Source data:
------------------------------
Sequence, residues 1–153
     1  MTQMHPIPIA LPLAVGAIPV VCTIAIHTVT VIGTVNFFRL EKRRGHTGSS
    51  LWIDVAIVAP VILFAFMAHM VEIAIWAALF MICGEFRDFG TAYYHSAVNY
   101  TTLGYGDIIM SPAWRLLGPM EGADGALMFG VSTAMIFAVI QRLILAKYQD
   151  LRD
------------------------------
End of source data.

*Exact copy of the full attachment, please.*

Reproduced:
Sequence, residues 1–153
     1  MTQMHPIPIA LPLAVGAIPV VCTIAIHTVT VIGTVNFFRL EKRRGHTGSS
    51  LWIDVAIVAP VILFAFMAHM VEIAIWAALF MICGEFRDFG TAYYHSAVNY
   101  TTLGYGDIIM SPAWRLLGPM EGADGALMFG VSTAMIFAVI QRLILAKYQD
   151  LRD